America’s natural and cultural heritage has a special significance worldwide. It was the last continent that was populated by Humanity and for thousands of years it was far from the influences of the rest of the world until the European conquest and colonization radically altered its natural and cultural environment that it had held on to for thousands of years. We are split, traditionally, into two large cultural and economic areas: the United States and Canada on the one hand and Latin America and the Caribbean on the other. As a matter of fact, both before and now, the borders of such a division are hazy and in constant flux; migrations continue as active as ever and the indigenous, colonial and modern fundaments are still present, contradicting unequal development, shaky
democracies and an overwhelming desire to build a freer and better world for all.It is in this context that cultural heritage in Latin America and the Caribbean is undergoing a special process, littler studied and analyzed in its context. In fact, the threats of deterioration and destruction are greater as a result of accelerated change and the impact of urban sprawl and concentration, besides the productive transformations in the rural sector. However, there is an awakening, albeit slow but progressive, of the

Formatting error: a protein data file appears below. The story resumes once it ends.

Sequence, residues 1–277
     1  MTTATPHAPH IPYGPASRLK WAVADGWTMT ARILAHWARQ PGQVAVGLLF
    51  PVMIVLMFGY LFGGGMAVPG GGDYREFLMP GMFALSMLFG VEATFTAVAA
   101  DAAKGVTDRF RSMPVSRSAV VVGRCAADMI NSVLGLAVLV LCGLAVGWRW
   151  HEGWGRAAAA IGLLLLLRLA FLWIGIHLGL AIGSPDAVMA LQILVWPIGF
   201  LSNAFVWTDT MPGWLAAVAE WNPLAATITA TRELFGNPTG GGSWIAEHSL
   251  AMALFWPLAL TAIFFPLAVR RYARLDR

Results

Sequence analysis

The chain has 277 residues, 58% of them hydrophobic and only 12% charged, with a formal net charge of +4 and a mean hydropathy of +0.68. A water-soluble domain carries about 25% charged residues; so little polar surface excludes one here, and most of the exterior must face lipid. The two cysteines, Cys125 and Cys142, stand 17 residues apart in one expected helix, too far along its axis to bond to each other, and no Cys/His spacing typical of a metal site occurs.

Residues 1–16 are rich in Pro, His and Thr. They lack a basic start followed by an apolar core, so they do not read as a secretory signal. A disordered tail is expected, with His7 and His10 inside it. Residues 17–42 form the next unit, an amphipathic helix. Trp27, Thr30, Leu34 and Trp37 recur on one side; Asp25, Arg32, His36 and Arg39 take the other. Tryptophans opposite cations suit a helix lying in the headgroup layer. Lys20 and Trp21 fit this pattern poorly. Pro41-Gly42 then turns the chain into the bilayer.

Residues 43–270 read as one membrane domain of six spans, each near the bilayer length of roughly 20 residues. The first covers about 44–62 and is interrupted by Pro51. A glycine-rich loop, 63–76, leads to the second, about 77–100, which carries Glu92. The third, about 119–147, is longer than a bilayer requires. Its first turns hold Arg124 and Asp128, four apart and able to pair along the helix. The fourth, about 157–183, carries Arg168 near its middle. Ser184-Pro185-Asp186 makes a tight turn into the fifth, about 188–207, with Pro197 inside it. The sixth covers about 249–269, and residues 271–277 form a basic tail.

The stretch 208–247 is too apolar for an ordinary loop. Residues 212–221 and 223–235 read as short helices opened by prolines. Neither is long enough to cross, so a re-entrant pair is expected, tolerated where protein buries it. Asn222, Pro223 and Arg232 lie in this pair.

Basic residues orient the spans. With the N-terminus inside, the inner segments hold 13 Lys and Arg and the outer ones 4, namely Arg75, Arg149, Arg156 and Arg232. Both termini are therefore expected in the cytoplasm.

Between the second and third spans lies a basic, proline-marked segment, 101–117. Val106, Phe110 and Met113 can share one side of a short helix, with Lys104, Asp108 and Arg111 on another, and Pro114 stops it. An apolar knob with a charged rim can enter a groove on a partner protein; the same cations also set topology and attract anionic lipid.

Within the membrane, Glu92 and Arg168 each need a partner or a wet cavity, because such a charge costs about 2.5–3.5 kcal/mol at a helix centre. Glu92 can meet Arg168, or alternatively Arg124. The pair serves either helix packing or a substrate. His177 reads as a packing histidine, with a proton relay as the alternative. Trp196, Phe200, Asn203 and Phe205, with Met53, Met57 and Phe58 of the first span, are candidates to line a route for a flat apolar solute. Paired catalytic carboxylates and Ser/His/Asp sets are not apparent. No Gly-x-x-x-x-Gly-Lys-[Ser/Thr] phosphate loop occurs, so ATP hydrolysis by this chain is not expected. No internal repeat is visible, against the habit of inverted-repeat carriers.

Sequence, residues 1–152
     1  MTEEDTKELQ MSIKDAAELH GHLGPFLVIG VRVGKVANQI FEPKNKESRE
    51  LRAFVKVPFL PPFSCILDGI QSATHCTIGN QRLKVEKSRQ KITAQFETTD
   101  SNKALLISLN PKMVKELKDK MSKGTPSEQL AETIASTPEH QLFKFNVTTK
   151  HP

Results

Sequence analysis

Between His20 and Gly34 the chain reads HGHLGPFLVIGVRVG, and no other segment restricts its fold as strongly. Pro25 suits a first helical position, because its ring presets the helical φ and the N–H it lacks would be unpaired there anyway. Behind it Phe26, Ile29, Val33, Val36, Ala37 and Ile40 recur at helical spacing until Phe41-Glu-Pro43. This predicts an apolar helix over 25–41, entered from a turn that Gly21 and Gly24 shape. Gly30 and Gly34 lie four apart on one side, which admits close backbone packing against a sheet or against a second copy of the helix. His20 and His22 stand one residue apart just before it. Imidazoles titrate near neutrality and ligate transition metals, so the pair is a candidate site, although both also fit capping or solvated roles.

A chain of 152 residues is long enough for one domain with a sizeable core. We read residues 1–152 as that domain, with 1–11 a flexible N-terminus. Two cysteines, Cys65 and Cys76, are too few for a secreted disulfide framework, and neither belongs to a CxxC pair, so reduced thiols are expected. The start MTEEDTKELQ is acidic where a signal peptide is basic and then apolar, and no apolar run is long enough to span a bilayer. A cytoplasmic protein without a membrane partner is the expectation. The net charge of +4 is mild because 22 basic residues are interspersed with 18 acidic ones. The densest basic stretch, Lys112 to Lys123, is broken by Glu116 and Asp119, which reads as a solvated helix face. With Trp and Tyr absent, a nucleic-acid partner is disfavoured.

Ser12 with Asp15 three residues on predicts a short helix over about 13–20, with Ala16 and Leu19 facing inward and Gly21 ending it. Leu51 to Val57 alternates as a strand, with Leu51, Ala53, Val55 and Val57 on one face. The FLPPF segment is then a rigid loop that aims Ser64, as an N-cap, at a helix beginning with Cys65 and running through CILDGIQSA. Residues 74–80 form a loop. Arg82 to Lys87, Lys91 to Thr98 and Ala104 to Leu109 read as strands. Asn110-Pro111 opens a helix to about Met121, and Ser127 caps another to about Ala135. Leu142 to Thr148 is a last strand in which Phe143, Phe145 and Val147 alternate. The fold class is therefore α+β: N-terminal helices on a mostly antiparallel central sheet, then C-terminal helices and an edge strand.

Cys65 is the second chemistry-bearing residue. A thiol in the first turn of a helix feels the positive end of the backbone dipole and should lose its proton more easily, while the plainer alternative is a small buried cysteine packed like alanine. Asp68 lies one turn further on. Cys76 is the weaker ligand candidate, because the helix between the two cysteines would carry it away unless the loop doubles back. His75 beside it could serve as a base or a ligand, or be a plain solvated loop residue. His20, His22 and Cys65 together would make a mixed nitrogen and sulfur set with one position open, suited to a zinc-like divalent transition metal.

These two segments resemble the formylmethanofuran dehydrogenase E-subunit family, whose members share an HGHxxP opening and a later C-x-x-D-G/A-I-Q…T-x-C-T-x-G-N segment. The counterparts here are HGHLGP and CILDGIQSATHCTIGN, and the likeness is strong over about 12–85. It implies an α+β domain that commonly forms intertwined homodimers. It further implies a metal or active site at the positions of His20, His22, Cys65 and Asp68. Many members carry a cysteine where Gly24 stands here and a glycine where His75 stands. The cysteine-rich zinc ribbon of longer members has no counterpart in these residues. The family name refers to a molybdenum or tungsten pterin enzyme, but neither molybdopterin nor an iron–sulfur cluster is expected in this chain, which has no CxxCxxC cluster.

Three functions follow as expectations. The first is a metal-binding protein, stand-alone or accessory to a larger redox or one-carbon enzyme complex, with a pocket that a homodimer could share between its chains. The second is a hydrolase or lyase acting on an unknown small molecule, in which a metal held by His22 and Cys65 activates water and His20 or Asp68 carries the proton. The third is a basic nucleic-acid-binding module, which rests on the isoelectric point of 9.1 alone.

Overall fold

meanings of heritage for a better development and way of life for the population. The situation is different in each country and the factors controlling this process have different values or integration in each case. In some, the discovery of one’s own heritage and identity acts as a shield against the negative effects of globalization; in others it leads to a reencounter, a dialogue between cultural diversities and the possibility of building new social reference points.

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